School ends early and my dad drives me home before lunch. Grabbing my camera and a raincoat, I follow DLF and my mother outside into the rain. Raindrops cover the grasses and flowers. It all looks beautiful to me. Tomorrow I may hate the rains, but today they are welcome.

IMG_3586Friday, October 16, 2015

My sister and I have the day off school. DLF calls at the back door to go see the goats. My mother and I follow him outside. When the goats come up close to him, he calls out in fear. My mother holds his hand and shows him how to pet them. He watches the goats nervously while he gently pinches their fur. Together we walk through the pasture and open the gate. I am off to the woods again.

Candle Dipping

Fall is here. It is still often sunny, but now it is much colder than it was a few weeks ago. Now we warm ourselves by our big woodstove, and wear several sweaters in the morning when we go outside for animal chores. In the garden, some of the flowers and vines are dying. The color is changing, and as the new season becomes more present our activities change as well. Last weekend, my family and I made candles from all of our old scraps of candle wax and beeswax crayons. We used only orange and yellow colored wax that made the candles a pretty honey cinnamon color. My mother created a hanging system that gave each candle enough time to cool before it was dipped again. This gave the candles a smooth look. I loved watching the candles grow fatter over time. They looked cloudy when they first came out of the hot wax and as they cooled, the color grew deeper. As a family, we made 16 candles. A side project my siblings and I also did something that we called “nature dipping”, where we dipped leaves and pine cones and a few other things that we found outside. We are thinking of using our “nature dippings” as autumn decorations and then fire starter later on.


Today is Michaelmas, and for the past ten years I have celebrated it at my old school as a way to mark the changing season. Unfortunately, the festivities will be happening during the school day. Neither my sister nor I will be able to attend the annual Saint George and the Dragon play, the dragon bread baking, the games, or see all of our many friends that make up our community. Instead, my mother and I will be spending the morning preparing for our own Michaelmas celebration at home. It will not be the same as the one I have gone to for so many years, but I look foreword to the beautiful beeswax candles, our own dragon bread baking, setting the dinner table with our nice napkins, and hearing stories of today’s Michaelmas festival.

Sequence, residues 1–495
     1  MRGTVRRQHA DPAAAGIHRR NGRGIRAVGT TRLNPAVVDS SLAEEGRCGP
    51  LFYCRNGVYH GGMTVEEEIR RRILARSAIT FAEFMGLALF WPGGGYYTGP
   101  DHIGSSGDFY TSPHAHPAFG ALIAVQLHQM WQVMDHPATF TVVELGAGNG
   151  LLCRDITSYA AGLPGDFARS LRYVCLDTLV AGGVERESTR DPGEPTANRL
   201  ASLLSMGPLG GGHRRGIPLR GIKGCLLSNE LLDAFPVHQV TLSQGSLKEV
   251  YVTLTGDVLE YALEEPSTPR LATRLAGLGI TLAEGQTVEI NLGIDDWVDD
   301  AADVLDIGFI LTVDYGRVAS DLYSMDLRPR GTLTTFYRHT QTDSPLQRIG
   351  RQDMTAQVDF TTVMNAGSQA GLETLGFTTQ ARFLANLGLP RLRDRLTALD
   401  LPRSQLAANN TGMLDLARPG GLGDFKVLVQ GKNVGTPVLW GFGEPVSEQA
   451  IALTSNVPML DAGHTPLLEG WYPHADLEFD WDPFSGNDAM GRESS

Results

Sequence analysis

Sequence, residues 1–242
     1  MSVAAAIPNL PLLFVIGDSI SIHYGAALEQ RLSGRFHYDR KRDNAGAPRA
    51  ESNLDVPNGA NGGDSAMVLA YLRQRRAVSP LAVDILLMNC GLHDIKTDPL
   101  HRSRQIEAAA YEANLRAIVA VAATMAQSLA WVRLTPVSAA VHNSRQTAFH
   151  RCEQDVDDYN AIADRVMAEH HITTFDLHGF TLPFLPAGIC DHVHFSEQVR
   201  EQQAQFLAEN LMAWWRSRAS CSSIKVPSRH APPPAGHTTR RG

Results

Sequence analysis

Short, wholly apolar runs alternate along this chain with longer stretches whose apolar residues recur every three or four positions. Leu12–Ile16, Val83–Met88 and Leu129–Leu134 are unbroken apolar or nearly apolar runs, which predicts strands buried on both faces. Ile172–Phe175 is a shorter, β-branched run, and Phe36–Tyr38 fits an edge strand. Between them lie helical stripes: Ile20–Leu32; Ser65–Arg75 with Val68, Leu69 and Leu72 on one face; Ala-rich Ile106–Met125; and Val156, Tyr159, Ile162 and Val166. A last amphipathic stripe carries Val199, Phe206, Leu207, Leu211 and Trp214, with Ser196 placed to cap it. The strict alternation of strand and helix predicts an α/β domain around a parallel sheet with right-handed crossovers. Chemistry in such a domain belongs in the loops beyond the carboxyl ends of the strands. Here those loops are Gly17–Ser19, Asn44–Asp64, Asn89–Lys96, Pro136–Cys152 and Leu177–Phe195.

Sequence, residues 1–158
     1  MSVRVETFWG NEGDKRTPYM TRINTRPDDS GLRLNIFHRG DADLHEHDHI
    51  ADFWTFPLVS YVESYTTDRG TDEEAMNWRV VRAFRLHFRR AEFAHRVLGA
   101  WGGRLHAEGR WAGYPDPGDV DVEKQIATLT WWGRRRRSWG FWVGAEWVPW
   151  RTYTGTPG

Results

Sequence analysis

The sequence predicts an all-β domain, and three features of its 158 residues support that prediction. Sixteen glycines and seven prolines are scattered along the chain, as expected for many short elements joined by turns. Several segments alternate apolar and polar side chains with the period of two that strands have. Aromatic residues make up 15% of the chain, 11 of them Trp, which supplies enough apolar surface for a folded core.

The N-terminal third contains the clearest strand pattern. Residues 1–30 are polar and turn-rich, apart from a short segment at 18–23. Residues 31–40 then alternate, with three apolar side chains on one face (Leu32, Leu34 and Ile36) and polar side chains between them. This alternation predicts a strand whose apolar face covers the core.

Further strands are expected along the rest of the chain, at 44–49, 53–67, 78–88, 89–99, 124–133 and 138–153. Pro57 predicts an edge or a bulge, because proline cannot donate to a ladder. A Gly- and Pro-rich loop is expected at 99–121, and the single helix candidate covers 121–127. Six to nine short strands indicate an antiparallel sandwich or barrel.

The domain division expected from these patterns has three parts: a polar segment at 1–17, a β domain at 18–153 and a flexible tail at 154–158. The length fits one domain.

Michaelmas Days

Beauty said the butterfly

 Harvest pumpkins, oats, and rye

 Light our flames for darker days 

Foggy mornings, evening haze

Beauty said the migrant bird

It’s time to gather nuts and herbs 

The summer sun must bid farewell

Raindrops on the windowsill

Foggy mornings, evening haze

Cherish now our Michaelmas days


Fleeting Summer Days

Yesterday was the first day of school for my siblings. Our family rose early, ready to meet the challenge. We packed lunches, tended the goats, ate our breakfast, and rushed out the door. But, while the day proved to be enjoyable, I found myself worried at the end of it. I was frustrated at the impending loss of summer and afraid of the start of something new. My tears dampened the pillow as I cried myself to sleep.

This morning I awoke feeling sad. My mother left to drive my brother to school, so I was left alone, and unable to rise myself from my fog. I stationed myself on the couch under a blanket. It was not until some time after my mother had returned and I had read several truck books to DLF, that I remembered that I had promised my dad that I would pick some of our grapes today.

The grapes were perfectly ripe, a deep cloudy purple color, and they burst if you dropped them, spewing fourth their pale green guts and several large seeds. Not the most delicious, but definitely beautiful.

I could feel the sun on my shoulders, and the sticky grape juices on my lips and fingers. I could see my mother working nearby, and DLF munching on grapes and dreaming of tow trucks. The fog around me was rising.

We managed to pick two boxes of the purple grapes, but there are still quite a bit left. It looks like there will be a lot of grape juice in our future!

So, as the late-afternoon sun shines on the garden, I think back on a good day, and I am grateful for the sun, DLF’s enthusiasm, and to be home with my mother on one of these fleeting late-summer days. Oh, these fleeting late-summer days!

End of Summer 2015

There are exactly four days until my two siblings start school. That means four days left of summer. Well, really nine days for me since my school starts later, but it is hard to know if I should count those days, because I know it will be different with everyone else away.

Ending summer always gives me a bittersweet feeling. This year it is particularly bitter, but I am starting to come to terms with it. I wonder why it feels harder this year. Perhaps, it is because I am going to a new school this fall. Or perhaps, it is because this summer was especially peaceful and rich. So, as summer draws to a close, I enjoy looking back at it and thinking of all the things I have done: going on a family camping trip, picking pounds and pounds of blueberries, seeing various family members, spending hours outside in the sunny weather, observing the circle of life through our ducks, spending lots of time with my goats, cooking with my mother and sister, and playing with our DLF (Dear Little Friend or the toddler my mother watches).